The resources available to an American attempting to trace his family in Scotland inevitably shape how that tracing comes out. The resources are numerous, but often cover only a specific period of time or a specific area. For example, in this work, information will appear more exact for the 1840s than the 1900s simply because the former is more readily accessible than the latter.

The oldest records of births, deaths and marriages are parish registers, records of the Established Churches in Scotland. They can date from as early as the 1500s, but generally commence in the late 1700s. The LDS Church, as part of its continuing genealogical project, has microfilmed those records for most Scottish parishes through the year 1854. A computerized alphabetical index to these registers, also put together by the LDS, extends through to 1871. Both these new (available only since the 1980s) sources are on microfilm and can be rented through the LDS library in Utah.

The significance of the year 1854 is that, the next year (1855), the United Kingdom government began keeping governmental records of births, deaths and marriages; the equivalent of what Americans would know as birth, death and marriage certificates. The U.K. government also compiled a yearly alphabetical index of these records. These indexes give the name of the party or parties, the parish the event took place in, and the certificate page or number of the record. Both the indexes and the original records are available for rent through the LDS. In addition, I have ordered copies of certificates direct from the U.K. There is no overall index (covering multiple years) to these certificates, which makes them difficult to deal with. For example, to find the birth record of Charles Allardice, born about 1899, I had to rent five different films of indexes, to cover 1897-1901, take the names and certificate numbers of all Charles Allardices born in Dundee in those years, and then order the certificates from Scotland one by one until I found the correct one. As can be seen, this process can be both expensive and time- consuming.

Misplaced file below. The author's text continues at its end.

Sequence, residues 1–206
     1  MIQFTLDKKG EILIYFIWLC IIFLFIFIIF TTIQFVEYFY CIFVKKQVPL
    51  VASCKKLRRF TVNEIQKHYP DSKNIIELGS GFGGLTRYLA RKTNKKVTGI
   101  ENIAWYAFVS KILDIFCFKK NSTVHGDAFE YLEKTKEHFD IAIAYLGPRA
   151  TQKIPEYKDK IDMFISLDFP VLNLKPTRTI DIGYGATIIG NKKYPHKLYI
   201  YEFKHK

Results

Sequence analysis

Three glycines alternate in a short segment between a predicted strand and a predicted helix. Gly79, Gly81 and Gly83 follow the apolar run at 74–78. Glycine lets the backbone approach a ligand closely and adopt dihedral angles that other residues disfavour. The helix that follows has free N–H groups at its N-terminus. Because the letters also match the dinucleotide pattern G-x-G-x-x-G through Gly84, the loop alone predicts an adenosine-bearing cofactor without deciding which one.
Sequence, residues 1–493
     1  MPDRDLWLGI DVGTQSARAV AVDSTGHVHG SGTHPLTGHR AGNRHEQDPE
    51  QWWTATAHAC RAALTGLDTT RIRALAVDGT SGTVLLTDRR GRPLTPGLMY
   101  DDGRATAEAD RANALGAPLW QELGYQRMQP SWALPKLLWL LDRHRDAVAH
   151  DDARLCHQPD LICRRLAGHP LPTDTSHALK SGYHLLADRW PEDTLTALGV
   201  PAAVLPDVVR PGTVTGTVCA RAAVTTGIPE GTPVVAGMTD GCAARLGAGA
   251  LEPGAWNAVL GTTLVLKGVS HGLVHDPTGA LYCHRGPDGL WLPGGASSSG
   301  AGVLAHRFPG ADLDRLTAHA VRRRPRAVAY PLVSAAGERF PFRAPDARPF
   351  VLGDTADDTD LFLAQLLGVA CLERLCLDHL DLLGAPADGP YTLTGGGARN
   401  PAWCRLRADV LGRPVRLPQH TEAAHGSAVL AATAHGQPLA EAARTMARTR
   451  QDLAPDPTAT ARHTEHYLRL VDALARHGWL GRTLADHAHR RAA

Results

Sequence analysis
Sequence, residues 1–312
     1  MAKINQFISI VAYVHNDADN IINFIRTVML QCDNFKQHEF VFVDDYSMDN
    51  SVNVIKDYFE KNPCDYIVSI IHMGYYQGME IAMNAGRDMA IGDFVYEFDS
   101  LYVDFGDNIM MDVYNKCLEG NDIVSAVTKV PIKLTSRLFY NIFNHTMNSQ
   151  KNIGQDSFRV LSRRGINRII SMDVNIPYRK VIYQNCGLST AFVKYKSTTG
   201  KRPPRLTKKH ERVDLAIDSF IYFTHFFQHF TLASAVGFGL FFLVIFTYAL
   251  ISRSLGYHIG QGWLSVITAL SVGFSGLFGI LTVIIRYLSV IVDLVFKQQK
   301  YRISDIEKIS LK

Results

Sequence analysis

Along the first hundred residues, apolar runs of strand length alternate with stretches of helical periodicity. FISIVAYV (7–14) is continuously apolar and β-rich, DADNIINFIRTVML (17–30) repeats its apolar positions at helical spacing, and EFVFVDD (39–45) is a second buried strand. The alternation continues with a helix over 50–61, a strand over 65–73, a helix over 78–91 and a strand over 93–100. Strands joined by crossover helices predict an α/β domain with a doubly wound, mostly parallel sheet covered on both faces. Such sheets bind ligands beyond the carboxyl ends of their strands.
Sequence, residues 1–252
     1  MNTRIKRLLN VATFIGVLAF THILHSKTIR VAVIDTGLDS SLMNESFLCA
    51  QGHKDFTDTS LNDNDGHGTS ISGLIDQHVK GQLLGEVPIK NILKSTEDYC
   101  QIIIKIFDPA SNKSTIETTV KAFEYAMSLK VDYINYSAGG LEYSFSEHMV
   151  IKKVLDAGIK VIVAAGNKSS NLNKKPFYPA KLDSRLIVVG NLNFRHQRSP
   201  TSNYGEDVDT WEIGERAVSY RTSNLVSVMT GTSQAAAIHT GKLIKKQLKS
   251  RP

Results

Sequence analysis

For these types of records, the indexes only show the names of the principals involved; for marriage, the names of the husband and wife; for births and deaths, only the names of the born and deceased. The original certificates usually contain far more; names of the parents of the principals, their occupations, addresses, age, etc.

A third major source of information is the British censuses, taken at ten year intervals since 1841. The census entries for 1841, 1851, 1861, 1871, 1881, and 1891 have been opened to the public and, again, are available on microfilm through the LDS. The LDS has privately compiled an index to the 1881 census, which microfilm has been of great help in research. For other years, to search for a person, I had to rent the census of the entire town/ city/ parish where that person was assumed to live, then go through the handwritten enumeration schedules, line by line, trying to find the right name(s). These census schedules, organized by parish and, within the parish, by residence, show street address, names of residents at that address, age and occupation of the residents, and where they were born.

Outside Scotland, the Scottish records readily accessible and of practical use peter out around 1900. After that date the censuses have not been made public, and the birth/death/marriage indexes contain so many duplicate names as to make a search for a particular person of that name nearly impossible. To go beyond 1900 and flesh out the more contemporary family tree would require a month's stay in Scotland, poking around old cemeteries and haunting the Public Record Office in Edinburgh. One of these days I hope to find the time to do so. Until then, this essay will have to serve.




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Appendix 1
Appendix 2
Appendix 3
Appendix 4
Appendix 5
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